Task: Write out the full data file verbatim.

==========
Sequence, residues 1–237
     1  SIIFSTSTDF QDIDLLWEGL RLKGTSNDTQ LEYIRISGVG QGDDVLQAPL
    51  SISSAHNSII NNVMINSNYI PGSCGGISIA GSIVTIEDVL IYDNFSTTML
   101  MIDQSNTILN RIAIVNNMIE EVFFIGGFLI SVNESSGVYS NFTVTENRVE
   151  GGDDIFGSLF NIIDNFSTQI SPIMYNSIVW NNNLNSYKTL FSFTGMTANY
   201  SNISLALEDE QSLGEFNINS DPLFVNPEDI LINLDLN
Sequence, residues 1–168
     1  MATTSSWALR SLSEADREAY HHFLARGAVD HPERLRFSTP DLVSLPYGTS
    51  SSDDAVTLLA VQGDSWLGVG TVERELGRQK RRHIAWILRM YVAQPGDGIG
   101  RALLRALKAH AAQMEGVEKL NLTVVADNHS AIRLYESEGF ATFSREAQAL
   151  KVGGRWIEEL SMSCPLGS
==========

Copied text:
Sequence, residues 1–237
     1  SIIFSTSTDF QDIDLLWEGL RLKGTSNDTQ LEYIRISGVG QGDDVLQAPL
    51  SISSAHNSII NNVMINSNYI PGSCGGISIA GSIVTIEDVL IYDNFSTTML
   101  MIDQSNTILN RIAIVNNMIE EVFFIGGFLI SVNESSGVYS NFTVTENRVE
   151  GGDDIFGSLF NIIDNFSTQI SPIMYNSIVW NNNLNSYKTL FSFTGMTANY
   201  SNISLALEDE QSLGEFNINS DPLFVNPEDI LINLDLN
Sequence, residues 1–168
     1  MATTSSWALR SLSEADREAY HHFLARGAVD HPERLRFSTP DLVSLPYGTS
    51  SSDDAVTLLA VQGDSWLGVG TVERELGRQK RRHIAWILRM YVAQPGDGIG
   101  RALLRALKAH AAQMEGVEKL NLTVVADNHS AIRLYESEGF ATFSREAQAL
   151  KVGGRWIEEL SMSCPLGS